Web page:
Brett Stephens is not reassured by President Obama's assurances that he "has Israel's back."
Here is a president who fought tooth-and-nail against the very sanctions on Iran for which he now seeks to reap political credit. He inherited from the Bush administration the security assistance to Israel he now advertises as proof of his "unprecedented" commitment to the Jewish state. His defense secretary has repeatedly cast doubt on the efficacy of a U.S. military option against Iran even as the president insists it remains "on the table." His top national security advisers keep warning Israel not to attack Iran even as he claims not to "presume to tell [Israeli leaders] what is best for them."I was surprised when I heard the audio clip of his proclamation of support (from the rear) should Israel decide to lead where America fails to. It wasn't that he would claim it, but rather that he would do so in such a common, colloquial, and idiomatic way.
"I've got Israel's back"? George Bush used to take a beating for his inarticulateness, whereas Barack Obama is hailed as a great orator. So, how about some elegant words about bending the arc of history, or standing firm with our allies to prevent the expansion of the nuclear fraternity to encompass sworn enemies.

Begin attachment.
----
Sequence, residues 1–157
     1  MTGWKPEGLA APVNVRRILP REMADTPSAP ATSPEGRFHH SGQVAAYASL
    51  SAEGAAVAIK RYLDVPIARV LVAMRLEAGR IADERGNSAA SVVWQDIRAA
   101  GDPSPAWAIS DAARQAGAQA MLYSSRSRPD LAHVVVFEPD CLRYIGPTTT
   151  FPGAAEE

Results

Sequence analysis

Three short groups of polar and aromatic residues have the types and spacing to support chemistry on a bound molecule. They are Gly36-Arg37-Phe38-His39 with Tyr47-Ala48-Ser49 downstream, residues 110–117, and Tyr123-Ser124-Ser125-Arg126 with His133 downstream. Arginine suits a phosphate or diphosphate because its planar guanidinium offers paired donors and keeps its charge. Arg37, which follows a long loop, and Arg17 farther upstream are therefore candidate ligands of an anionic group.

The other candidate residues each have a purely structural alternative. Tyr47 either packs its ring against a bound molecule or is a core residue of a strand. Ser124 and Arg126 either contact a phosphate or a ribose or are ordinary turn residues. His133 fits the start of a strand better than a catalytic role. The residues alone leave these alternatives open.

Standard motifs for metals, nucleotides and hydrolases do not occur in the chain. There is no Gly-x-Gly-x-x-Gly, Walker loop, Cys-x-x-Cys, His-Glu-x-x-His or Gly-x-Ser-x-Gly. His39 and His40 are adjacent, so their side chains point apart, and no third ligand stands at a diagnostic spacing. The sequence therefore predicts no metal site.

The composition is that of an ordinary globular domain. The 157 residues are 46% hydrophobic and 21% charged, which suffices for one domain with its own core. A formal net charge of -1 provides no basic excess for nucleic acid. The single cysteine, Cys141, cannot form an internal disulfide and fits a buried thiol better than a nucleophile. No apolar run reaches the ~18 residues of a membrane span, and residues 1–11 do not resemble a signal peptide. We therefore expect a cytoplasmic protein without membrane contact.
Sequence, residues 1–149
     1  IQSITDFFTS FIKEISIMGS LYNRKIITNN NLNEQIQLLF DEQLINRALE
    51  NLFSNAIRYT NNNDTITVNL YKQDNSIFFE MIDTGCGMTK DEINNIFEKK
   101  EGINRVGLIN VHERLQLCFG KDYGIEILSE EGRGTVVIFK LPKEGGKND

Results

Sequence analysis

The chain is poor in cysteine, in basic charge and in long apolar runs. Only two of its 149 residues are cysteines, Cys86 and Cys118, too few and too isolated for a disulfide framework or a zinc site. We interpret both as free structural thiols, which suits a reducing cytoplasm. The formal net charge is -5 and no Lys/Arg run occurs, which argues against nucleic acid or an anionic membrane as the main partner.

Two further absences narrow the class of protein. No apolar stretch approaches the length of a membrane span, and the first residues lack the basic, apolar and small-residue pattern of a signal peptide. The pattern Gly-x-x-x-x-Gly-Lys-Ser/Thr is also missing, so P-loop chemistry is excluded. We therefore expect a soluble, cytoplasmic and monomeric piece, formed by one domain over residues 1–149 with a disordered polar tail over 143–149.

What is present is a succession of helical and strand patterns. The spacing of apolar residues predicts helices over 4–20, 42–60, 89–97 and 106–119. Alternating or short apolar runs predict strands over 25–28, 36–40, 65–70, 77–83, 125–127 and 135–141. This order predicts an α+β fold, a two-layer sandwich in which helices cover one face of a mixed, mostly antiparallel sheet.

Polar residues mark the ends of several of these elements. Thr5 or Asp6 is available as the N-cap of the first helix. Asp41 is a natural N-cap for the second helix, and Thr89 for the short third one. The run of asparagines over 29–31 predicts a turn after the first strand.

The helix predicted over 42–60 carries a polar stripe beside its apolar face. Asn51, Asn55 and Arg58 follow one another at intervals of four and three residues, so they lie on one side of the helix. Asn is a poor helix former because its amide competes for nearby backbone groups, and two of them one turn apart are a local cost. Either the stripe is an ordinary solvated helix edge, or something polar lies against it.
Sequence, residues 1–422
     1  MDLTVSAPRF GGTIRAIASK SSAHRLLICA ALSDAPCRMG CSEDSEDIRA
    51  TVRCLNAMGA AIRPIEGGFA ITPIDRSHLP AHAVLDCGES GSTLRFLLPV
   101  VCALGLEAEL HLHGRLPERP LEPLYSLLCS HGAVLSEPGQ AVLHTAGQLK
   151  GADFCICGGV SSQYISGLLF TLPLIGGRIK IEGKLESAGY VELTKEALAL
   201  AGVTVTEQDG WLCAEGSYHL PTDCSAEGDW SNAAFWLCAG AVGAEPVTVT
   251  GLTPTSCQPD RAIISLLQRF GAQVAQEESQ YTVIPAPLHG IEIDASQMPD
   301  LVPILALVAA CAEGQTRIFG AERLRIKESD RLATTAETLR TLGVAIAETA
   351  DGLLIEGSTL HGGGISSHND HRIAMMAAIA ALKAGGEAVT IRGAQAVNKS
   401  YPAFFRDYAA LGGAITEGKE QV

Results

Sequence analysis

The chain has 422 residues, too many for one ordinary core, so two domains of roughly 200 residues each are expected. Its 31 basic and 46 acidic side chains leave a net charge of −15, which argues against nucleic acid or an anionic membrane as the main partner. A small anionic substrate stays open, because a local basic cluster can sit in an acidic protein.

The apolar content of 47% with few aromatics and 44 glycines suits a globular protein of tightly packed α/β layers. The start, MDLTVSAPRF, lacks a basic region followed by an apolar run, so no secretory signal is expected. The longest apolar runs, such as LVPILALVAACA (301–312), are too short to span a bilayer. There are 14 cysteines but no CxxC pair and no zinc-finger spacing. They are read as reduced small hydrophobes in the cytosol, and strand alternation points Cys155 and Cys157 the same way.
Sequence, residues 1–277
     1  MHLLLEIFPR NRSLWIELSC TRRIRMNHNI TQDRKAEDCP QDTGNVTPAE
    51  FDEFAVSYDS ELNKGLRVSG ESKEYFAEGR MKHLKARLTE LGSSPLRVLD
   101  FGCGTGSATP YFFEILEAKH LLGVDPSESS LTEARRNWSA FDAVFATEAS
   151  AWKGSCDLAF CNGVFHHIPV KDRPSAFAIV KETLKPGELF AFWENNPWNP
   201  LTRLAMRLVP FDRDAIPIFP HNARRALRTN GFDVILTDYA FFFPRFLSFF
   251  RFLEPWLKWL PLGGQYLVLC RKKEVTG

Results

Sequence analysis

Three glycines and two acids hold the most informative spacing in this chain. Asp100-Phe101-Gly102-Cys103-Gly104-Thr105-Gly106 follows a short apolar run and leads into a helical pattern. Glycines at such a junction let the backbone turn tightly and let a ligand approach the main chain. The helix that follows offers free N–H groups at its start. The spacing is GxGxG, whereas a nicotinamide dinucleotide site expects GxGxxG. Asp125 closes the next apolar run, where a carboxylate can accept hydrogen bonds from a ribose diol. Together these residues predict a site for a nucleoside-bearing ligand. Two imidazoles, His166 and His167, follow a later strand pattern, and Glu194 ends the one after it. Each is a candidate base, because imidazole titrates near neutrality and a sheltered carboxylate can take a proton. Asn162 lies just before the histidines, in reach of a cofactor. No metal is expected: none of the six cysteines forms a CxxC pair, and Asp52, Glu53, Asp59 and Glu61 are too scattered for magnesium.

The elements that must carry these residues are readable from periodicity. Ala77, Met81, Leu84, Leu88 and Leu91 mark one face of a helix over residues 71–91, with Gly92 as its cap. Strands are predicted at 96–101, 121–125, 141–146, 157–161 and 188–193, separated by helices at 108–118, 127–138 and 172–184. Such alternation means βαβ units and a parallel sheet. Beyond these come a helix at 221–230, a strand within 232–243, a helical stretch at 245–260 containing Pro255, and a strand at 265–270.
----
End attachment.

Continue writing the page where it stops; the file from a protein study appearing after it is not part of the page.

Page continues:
Regardless, Stephens is rightly more concerned about the President's word than with the words he uses to express it.
We also learn that, according to one of Mr. Beinart's sources, longtime diplomat Dennis Ross was brought aboard the Obama campaign as part of what Mr. Beinart calls "Obama's inoculation strategy" to mollify Jewish voters apprehensive about the sincerity of his commitments to Israel. Not surprisingly, Mr. Ross was a marginal figure in the administration before leaving last year...
But the important question here isn't about American-Jewish attitudes toward Israel. It's about the president's honesty. Is he being truthful when he represents himself as a mainstream friend of Israel—or is he just holding his tongue and biding his time? On the evidence of Mr. Beinart's sympathetic book, Mr. Obama's speech at Aipac was one long exercise in political cynicism.When President Obama says he has Israel's back, my advice would be to frisk him for knives. For evidence of the President's trustworthiness and honesty in this regard--and the media's unimpeachable integrity in keeping us apprised of them--I refer to my post of 11/7/11, "Lost in Translation."